“Wee, sleekit, cowrin, tim’rous beastie.”
Alfred Kahn’s opening words during an American Bar Association session were strange and confusing. Why would a man known for clarity and strong communication begin a speech this way? To make a point about effective communication.
Kahn had humble beginnings as the son of Jewish-Russian immigrants. His climb began soon after graduating from New York University at 18. He would go on to work for several prominent institutions including Cornell University, as a professor of economics; the New York Public Safety Commission, as president; the Civil Aeronautics Board, as chairman; and the White House, as an economic advisor to President Jimmy Carter.
He was in many of these roles a trailblazer of deregulation who worked to shake things up. Kahn’s strong communication and leadership skills were essential to his success. By understanding Kahn’s use of different leadership styles and effective communication, future leaders in diverse fields can use those same strategies to thrive.
As the president of the New York Public Safety Commission (NYPSC), Kahn developed a plan to reform electricity utility rate structures to reflect its true cost. Previously, the system encouraged an unfair distortion of costs that had some consumers subsidizing others without receiving the same benefits.
The plan faced backlash from commission staff, engineers, and consumers who benefited from the previous system. Kahn created supporters by using his charisma, communication, and teaching skills.
He appealed to the greatest concerns of each group. Using his experience as a professor, Kahn taught staffers about the principle of marginal cost and its application to utility rates. To win over engineers, Kahn showed his expertise in utility management and answered their concerns about the potential consequences of revenue erosion. He was able to convert former critics into supporters by taking the time to educate skeptics about his methods and show them the positive results of his actions.
Utilizing different techniques to appeal to an individual or a group is a vital skill needed to communicate an idea and persuade others to support your cause. Using Kahn’s example at the NYPSC, we learn that by remaining firm in one’s convictions and having the patience to show your opposition the benefits of your idea, one can grow a network of supporters to achieve your goals.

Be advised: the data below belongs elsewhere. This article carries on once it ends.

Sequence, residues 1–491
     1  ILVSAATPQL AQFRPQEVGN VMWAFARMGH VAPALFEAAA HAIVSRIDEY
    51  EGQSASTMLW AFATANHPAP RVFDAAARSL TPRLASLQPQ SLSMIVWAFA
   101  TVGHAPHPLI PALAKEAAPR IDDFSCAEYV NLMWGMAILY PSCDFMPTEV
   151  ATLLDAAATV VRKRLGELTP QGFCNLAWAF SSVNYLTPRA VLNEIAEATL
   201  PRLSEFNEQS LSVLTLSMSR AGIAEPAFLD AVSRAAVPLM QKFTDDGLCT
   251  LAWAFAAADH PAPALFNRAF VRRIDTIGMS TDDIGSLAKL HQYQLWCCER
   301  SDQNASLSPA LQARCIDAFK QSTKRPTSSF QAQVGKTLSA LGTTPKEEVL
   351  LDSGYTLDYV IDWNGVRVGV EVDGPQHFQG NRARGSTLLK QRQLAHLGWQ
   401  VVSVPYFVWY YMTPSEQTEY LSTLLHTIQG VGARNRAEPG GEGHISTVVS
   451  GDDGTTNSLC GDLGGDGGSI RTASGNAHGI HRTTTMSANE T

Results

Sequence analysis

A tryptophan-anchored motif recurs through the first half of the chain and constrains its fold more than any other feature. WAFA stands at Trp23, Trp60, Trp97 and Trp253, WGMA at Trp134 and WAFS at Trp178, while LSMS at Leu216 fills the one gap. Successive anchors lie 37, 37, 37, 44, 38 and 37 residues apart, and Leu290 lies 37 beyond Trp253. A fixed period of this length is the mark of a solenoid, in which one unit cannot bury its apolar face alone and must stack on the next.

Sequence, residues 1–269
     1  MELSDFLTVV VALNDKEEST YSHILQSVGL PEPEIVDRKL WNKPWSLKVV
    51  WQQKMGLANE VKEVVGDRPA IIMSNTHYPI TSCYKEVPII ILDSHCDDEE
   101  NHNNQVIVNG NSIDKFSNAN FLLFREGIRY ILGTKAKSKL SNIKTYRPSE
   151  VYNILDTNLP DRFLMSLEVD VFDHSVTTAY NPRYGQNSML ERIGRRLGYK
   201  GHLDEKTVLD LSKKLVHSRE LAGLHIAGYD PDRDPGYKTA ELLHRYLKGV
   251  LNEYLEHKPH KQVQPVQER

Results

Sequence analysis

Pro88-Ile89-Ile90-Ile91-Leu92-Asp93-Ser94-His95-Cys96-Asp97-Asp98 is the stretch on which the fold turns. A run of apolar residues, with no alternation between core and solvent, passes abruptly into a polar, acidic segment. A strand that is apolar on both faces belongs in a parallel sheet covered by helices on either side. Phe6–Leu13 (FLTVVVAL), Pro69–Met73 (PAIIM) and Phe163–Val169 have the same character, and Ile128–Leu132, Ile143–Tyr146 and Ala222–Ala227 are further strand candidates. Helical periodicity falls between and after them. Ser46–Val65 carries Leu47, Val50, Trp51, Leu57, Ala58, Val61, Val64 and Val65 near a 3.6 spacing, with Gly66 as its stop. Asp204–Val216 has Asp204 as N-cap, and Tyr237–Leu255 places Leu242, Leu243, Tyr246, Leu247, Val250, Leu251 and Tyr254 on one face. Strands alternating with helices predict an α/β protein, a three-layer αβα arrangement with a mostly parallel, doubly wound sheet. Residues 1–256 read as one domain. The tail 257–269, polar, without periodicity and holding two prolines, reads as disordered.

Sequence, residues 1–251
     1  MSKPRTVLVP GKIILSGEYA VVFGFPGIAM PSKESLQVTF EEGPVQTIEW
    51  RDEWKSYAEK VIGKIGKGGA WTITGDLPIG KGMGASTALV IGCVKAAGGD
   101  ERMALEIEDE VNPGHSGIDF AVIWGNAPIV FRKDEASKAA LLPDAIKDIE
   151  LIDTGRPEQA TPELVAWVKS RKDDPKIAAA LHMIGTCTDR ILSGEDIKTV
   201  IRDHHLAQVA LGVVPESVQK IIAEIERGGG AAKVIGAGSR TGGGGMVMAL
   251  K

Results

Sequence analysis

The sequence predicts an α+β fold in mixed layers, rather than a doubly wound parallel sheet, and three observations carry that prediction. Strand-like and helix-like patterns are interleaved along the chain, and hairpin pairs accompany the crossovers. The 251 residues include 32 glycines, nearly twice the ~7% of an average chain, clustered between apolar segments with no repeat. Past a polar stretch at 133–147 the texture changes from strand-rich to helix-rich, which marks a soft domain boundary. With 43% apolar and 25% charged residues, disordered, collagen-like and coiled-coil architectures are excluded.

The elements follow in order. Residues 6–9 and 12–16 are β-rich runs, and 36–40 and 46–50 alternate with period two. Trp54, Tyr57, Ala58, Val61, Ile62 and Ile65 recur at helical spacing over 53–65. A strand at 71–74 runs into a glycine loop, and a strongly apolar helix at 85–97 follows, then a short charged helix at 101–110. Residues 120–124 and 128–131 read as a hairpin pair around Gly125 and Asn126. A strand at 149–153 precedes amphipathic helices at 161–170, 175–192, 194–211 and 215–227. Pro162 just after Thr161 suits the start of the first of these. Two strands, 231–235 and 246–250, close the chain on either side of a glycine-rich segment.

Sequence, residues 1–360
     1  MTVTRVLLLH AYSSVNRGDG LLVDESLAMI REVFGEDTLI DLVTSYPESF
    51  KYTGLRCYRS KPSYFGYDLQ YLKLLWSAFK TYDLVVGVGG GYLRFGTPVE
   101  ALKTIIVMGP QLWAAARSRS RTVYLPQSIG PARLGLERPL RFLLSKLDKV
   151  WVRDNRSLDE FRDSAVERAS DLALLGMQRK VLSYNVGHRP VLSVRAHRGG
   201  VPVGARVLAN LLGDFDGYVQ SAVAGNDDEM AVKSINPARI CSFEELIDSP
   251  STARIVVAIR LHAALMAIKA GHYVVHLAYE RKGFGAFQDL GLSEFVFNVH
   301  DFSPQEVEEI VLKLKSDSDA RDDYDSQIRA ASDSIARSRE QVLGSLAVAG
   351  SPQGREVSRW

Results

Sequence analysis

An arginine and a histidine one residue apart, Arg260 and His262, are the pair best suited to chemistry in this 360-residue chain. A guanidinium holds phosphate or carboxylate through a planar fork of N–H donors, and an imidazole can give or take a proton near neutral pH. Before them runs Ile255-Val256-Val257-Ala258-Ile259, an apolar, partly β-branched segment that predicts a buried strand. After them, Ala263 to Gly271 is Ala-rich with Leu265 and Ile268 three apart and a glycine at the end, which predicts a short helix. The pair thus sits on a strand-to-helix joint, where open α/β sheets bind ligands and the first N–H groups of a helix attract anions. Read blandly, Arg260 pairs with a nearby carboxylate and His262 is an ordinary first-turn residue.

Kahn’s disassembling of the Civil Aeronautics Board (CAB) showed a different leadership and communication process than what was necessary at the NYPSC. He provides future leaders with lessons about when to effectively communicate ideas to garner support and when to rebuild an organization instead.
As chairman of CAB, Kahn knew that he needed help to make the case for deregulation. He shuffled out the majority of the agency’s staff, who were not sold on his idea of shutting the CAB down, and staffed it up with economists. This wasn’t simply bureaucratic infighting. There was a communications strategy here as well. In new hires, Kahn favored economists over lawyers, who he believed ill-suited to handle the economic crisis in the industry. He wanted to avoid excess legal jargon in board rulings. Kahn wrote to his staffers, “If you cannot explain what you are doing to people in simple English, you are probably doing something wrong,” according to the book Prophets of Regulation.
This simple sentence both describes and offers a solution to the greatest challenge scholars face today: misunderstanding. What Alfred Kahn taught his staff, bluntly, is that no matter how great your ideas are, if the layman cannot understand them then your words are pointless. By using “simple English” you may gain a wider audience and win them over to your ideas.
Whether or not you agree with his legacy, Kahn used his communications skills over a long career to succeed against constant opposition. Readers can still learn from him to pursue greatness.